Turkish authorities block Kurds from crossing into Syria to fight against ISIS

Kurds from Turkey flee tear gas fired by Turkish riot police Sept. 26, 2014 after demonstrators briefly forced their way over the border near the Syrian city of Kobane. Credit: Jacob Resneck

In Syria, fighting continues to rage between the Islamic State and Kurdish militias over a key Kurdish city near the Turkish border. But on the Turkish side of the border, anger is boiling due to Turkey’s crackdown on its own Kurdish population attempting to cross into Syria to join the fight. FSRN’s Jacob Resneck reports.

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There’s been a lot of fighting over the weekend with ISIS – or Islamic State, or whatever they call themselves these days – trying to capture the city of Kobane. The Pentagon says U.S. air strikes over the weekend hit a few targets on the outskirts of the city, the first support it’s lent to Kurdish militants fighting to hold their ground.

In the Turkish border town of Suruc, local people here welcome the outside military help. But one man, Omer Ercin, claims it hasn’t gone far enough.

“America says it is attacking from the air—but we don’t see any results. Why?” asks Ercin, answering “Because it drops a couple bombs over in Raqqa and other places, but the genocide is happening in Kobane.’

Washington hasn’t said where its airpower flew from. But it almost certainly wasn’t Turkey.

Ankara has closed NATO bases to strikes against Islamic State and has sealed the Syrian border to its own citizens trying to fight against ISIS. That’s led to fury among Turkey’s Kurdish minority who are actually the majority in these borderlands and are being prevented from joining Syrian Kurds in the fight against ISIS.

Kurdish recording artist Memet Sipan arrived at the border from Istanbul but was turned away.

“If I could, I would cross the border and join the militias and fight with them but now the border police are preventing me,” says Sipan.

He agrees to share a national Kurdish song in the open air.

The fighting is very close to here. At a nearby crossing just a couple miles away, men from the Syrian village of Alishar are watching a battle in the distance. Ahmet Malali is furious at the Turkish soldiers whose backs are to the battle as they watch the villagers. He’s angry, he says, because Turkish soldiers are also preventing Syrian refugees from crossing the wide open plain.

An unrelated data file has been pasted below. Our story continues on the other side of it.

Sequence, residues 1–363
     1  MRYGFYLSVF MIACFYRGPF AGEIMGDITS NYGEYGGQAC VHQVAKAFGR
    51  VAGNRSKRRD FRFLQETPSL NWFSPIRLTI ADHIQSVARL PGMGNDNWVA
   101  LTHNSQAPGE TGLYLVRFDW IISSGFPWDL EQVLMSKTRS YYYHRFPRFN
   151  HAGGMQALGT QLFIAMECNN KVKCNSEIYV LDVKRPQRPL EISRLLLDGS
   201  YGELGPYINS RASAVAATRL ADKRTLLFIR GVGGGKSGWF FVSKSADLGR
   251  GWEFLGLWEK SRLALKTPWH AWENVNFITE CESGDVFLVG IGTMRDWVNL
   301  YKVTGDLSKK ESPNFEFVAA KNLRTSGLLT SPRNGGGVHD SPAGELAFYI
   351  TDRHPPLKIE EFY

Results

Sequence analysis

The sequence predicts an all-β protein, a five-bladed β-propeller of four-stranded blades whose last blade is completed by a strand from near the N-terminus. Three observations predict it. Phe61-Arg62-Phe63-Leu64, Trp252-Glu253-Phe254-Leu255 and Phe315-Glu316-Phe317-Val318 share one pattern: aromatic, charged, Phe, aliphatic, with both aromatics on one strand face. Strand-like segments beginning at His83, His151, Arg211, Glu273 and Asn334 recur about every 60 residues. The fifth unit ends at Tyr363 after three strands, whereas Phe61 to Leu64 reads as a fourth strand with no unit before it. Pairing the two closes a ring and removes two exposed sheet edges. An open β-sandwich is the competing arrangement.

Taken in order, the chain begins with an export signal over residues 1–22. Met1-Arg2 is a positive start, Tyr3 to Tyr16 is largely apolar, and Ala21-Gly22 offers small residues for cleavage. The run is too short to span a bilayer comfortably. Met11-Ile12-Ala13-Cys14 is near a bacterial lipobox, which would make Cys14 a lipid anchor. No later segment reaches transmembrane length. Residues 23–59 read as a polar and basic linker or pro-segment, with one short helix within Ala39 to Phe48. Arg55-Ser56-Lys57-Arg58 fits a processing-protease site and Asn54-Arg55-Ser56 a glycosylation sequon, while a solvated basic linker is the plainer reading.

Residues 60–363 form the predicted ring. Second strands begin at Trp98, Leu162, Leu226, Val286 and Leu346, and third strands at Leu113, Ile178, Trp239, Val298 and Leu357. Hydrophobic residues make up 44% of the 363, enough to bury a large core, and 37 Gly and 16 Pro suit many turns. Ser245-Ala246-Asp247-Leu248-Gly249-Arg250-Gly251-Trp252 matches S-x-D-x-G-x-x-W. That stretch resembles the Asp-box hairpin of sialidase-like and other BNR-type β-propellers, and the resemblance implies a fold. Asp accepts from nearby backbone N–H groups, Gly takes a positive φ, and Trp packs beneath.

More than a hundred and fifty thousand Syrian refugees have already poured over the border in the past week. And the number could climb.

Over the weekend, pro-Kurdish political parties bussed in hundreds of people from across Turkey who quickly overwhelmed a small band of border guards and crossed into Kobane – if only for an hour. On their return, they were greeted with tear gas and riot police.

So why is Turkey keeping the border sealed to Kurds wishing to defend their communities in Syria? The Kurdish militias are aligned to the outlawed Kurdistan Workers’ Party (PKK), ­ a guerrilla group fighting for broad autonomy in Turkey. It’s listed as a terrorist organization by Turkey, the E­U and United States.

Kurdish politician Kamuran Yuksek says the militias’ fight is with ISIS – not Turkey. “The Kurdish militias are fighting the Islamic State because it’s about their homeland,” he told FSRN. “Of course they’re not interested in attacking Turkish forces.”

The fight hasn’t just galvanized Kurdish men. Kurdish women are also taking up arms.

Nihayet Tasdemir, who in May was released from a Turkish prison after spending five years in pre-trial detention for suspected links to the PKK, says this fight has galvanized women to push even harder for gender equality.

“Women within the resistance movement have become more empowered,” Tasdemir explains. “Now it’s against ISIS – before it was the Turkish state and other enemies – but it’s making women stronger because they know there’s a patriarchal culture and they are fighting against this culture. ”

Meanwhile, the Turkish government has said it would join the U.S.-led anti-ISIS coalition , but so far has been short on specifics. The ruling party’s nationalist politics coupled with Islamist-roots make many people here suspicious that its leadership harbors sympathy for ISIS.

Or at least as far as it extends to ISIS’ fight with the P-K-K and its allies.

As the fighting continues and anger boils over among Kurds on both sides of the border, it’s clear that Turkey won’t be able to remain on the fence much longer.

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